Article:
“Remembering the Saints Daily”
A Review of
New Book of Festivals
by Philip Pfatteicher.
By Chris Smith.
The task of compiling an ecumenical calendar of saints is no small one. I myself have been working on such a project for over a year. Thus, I was eager to take a look at the work the Philip Pfatteicher has presented in his New Book of Festivals and Commemorations. Pfatteicher states in the preface that his aim in this book is “in a modest way, to provide a draft of . . . a common calendar, reflecting the present Lutheran and Episcopal calendars, but also moving beyond them, proposing … a creative adaptation as an encouragement to the churches to consider the value of a broad and ecumenical calendar of holy days and holy people “ (xii). Toward this end, Pfatteicher takes a multi-tiered approach to developing such a calendar. The foundational tier of the calendar are the primary holidays of the Christian year, which are known as “Solemnities” to the Roman Catholics, “Principal Festivals” to the Anglicans/Episcopalians and “Greater Festivals” to the Lutherans. This group of holidays include Christmas/Nativity, Epiphany, Easter and Pentecost. The second tier is the minor holidays of the Romans calendar that are known as “Feasts”. These days include celebrations of the Apostles and All Saints Day. One the third tier, we find the lesser remembrances that the Roman Catholics call “Memorials.” The fourth tier is comprised of the “optional memorials” from the Roman calendar. On the fifth and final tier are the celebrations of “post-reformation” saints, which given Pfatteicher’s approach, as described above, are largely drawn from the Lutheran and Episcopal traditions. Unfortunately, even after fleshing out all five of these tiers, there are some days Pfatteicher’s calendar on which no saint is celebrated. It would seem that there is no shortage of saints that could be celebrated, and indeed even the two older ecumenical calendars or saints (that of Wilhelm Löhe and that of the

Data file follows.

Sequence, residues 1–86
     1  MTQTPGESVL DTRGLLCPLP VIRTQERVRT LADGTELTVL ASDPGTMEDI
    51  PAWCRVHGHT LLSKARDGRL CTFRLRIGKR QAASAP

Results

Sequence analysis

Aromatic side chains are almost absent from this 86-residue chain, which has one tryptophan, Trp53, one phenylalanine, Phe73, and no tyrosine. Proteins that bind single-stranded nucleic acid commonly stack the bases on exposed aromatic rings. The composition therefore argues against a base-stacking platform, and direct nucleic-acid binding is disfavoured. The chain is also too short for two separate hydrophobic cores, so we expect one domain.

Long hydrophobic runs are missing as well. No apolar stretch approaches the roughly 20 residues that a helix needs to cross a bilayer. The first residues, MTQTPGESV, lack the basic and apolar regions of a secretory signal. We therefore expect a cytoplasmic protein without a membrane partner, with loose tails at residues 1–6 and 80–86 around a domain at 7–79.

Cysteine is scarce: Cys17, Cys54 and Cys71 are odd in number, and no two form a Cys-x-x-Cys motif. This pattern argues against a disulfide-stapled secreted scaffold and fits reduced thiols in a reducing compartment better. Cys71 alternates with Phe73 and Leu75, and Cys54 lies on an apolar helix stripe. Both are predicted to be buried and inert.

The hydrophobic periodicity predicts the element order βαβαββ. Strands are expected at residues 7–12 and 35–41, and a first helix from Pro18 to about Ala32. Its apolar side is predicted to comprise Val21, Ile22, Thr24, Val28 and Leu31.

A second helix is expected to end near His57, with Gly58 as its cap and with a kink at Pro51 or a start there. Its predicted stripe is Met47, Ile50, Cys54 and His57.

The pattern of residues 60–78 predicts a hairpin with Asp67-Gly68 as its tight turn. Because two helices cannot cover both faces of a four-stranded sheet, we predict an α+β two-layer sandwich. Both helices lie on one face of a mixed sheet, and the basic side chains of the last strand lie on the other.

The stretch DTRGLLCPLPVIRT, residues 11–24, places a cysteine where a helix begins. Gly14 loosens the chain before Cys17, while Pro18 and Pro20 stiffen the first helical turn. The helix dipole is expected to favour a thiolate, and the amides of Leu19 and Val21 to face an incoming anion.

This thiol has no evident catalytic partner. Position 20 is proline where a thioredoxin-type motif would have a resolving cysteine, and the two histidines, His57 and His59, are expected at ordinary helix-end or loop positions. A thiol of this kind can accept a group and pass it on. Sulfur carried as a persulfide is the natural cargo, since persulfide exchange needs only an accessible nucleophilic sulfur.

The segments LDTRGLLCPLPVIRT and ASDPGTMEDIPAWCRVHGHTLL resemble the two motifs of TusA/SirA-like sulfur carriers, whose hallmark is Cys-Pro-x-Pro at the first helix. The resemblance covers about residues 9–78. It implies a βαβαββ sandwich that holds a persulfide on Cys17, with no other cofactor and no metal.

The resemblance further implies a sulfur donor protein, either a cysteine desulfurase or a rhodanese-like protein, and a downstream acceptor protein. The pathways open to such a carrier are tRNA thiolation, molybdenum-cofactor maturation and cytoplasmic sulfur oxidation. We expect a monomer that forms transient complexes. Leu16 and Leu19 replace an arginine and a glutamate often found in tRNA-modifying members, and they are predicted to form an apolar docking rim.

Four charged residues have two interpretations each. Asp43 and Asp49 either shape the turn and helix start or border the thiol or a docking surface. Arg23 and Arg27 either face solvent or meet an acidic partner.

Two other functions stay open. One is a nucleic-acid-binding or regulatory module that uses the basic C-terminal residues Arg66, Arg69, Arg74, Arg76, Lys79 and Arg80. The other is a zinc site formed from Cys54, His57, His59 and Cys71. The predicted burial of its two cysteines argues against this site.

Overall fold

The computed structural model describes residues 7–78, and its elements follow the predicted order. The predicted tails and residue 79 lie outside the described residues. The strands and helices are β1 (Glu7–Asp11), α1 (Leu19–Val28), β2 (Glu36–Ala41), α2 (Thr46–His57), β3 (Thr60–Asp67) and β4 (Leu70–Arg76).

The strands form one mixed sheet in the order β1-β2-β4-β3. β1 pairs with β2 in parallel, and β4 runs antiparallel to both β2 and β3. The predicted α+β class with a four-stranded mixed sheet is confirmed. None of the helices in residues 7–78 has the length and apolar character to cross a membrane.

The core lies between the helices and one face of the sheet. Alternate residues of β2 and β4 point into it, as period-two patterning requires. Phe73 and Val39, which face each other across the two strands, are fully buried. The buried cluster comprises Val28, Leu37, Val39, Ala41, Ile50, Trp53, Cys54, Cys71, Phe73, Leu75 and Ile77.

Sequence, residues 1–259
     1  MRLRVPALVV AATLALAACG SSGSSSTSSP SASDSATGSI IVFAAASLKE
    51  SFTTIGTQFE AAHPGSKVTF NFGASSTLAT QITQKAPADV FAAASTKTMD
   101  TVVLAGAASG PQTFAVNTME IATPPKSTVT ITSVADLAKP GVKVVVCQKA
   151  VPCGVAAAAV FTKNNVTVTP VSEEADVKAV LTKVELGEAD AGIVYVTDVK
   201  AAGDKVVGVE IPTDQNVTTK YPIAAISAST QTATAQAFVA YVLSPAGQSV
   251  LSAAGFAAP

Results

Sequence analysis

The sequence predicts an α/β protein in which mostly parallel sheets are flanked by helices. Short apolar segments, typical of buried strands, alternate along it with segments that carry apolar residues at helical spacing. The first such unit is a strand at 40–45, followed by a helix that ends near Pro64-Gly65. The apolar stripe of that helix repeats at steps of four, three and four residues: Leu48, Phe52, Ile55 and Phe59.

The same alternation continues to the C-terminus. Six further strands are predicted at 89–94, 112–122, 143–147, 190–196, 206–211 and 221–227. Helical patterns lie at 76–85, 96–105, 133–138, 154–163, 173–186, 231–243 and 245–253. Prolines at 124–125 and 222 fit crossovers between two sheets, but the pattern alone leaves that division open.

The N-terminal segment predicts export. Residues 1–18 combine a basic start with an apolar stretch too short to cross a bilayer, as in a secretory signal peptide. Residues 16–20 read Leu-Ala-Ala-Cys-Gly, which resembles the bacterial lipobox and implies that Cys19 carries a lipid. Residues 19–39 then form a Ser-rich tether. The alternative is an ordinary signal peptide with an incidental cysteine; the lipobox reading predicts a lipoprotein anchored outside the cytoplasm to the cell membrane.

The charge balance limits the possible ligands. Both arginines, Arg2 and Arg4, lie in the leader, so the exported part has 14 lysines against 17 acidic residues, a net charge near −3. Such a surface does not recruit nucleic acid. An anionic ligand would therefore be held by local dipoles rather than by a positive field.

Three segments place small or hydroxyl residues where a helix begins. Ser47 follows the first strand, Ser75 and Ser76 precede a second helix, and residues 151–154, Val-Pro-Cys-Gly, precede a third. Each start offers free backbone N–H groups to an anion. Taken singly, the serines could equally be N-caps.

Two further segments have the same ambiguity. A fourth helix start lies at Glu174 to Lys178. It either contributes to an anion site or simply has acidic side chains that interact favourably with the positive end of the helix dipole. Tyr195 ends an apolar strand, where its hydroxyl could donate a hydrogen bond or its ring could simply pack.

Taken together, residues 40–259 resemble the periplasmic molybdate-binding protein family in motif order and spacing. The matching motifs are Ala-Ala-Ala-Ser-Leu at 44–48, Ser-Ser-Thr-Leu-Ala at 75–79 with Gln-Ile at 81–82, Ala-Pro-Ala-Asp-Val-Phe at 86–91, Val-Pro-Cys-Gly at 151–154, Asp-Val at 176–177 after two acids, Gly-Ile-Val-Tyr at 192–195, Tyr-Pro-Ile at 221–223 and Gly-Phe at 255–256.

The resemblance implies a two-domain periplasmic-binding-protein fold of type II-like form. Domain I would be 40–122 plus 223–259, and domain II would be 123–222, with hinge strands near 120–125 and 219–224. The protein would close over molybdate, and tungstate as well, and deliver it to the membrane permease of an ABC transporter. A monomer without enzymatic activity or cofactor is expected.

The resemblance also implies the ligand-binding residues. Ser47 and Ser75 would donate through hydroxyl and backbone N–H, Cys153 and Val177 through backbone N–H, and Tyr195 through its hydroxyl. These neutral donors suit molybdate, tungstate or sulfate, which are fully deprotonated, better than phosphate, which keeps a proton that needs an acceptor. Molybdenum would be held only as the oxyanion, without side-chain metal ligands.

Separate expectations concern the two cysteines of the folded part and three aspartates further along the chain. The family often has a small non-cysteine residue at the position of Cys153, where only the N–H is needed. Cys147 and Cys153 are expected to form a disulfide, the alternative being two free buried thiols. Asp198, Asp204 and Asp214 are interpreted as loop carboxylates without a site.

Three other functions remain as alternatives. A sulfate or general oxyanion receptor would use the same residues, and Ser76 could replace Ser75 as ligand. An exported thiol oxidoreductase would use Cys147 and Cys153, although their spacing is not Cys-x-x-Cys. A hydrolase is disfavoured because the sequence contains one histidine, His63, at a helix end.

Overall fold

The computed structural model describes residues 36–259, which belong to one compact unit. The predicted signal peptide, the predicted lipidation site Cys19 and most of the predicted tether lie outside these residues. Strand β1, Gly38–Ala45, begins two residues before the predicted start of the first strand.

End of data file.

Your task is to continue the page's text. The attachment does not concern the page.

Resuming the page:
Additionally, it seems that Pfatteicher’s proposed calendar is not ecumenical enough. Despite several mentions of the Eastern calendar in the introduction (most of which say, in essence, “we have chosen not to follow the Eastern Church in that…”), there is minimal recognition of The Eastern tradition reflected in Pfatteicher’s calendar. Likewise, there is no recognition of saints from the Anabaptist tradition, and very minimal recognition of saints from traditions outside the Lutheran and Anglican traditions. One would think that saints from these under-represented traditions could be used to finish filling out the days of the calendar that presently have no commemorations.